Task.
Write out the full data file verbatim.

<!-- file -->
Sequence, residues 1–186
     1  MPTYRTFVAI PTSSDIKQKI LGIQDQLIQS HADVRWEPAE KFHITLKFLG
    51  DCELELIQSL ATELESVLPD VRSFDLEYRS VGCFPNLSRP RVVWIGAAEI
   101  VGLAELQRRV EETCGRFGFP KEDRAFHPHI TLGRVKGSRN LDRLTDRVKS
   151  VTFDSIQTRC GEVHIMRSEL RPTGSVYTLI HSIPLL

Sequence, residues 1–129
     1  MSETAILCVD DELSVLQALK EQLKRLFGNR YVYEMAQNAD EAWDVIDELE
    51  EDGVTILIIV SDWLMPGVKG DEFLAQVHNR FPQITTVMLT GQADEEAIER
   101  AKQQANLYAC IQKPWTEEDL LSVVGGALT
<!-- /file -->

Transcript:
Sequence, residues 1–186
     1  MPTYRTFVAI PTSSDIKQKI LGIQDQLIQS HADVRWEPAE KFHITLKFLG
    51  DCELELIQSL ATELESVLPD VRSFDLEYRS VGCFPNLSRP RVVWIGAAEI
   101  VGLAELQRRV EETCGRFGFP KEDRAFHPHI TLGRVKGSRN LDRLTDRVKS
   151  VTFDSIQTRC GEVHIMRSEL RPTGSVYTLI HSIPLL

Sequence, residues 1–129
     1  MSETAILCVD DELSVLQALK EQLKRLFGNR YVYEMAQNAD EAWDVIDELE
    51  EDGVTILIIV SDWLMPGVKG DEFLAQVHNR FPQITTVMLT GQADEEAIER
   101  AKQQANLYAC IQKPWTEEDL LSVVGGALT